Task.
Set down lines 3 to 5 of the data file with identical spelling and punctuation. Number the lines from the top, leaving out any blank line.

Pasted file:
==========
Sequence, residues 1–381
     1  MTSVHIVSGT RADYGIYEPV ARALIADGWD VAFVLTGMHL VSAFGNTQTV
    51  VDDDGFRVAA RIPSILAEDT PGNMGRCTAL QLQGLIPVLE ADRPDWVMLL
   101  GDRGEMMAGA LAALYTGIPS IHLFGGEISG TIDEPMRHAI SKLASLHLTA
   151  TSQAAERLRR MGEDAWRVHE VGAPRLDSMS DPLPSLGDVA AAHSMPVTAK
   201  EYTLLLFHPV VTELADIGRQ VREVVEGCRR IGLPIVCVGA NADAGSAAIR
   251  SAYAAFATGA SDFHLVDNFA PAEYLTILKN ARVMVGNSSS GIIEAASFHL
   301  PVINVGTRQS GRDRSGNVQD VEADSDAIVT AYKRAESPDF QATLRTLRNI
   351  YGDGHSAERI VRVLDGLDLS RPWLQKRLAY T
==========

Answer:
    51  VDDDGFRVAA RIPSILAEDT PGNMGRCTAL QLQGLIPVLE ADRPDWVMLL
   101  GDRGEMMAGA LAALYTGIPS IHLFGGEISG TIDEPMRHAI SKLASLHLTA
   151  TSQAAERLRR MGEDAWRVHE VGAPRLDSMS DPLPSLGDVA AAHSMPVTAK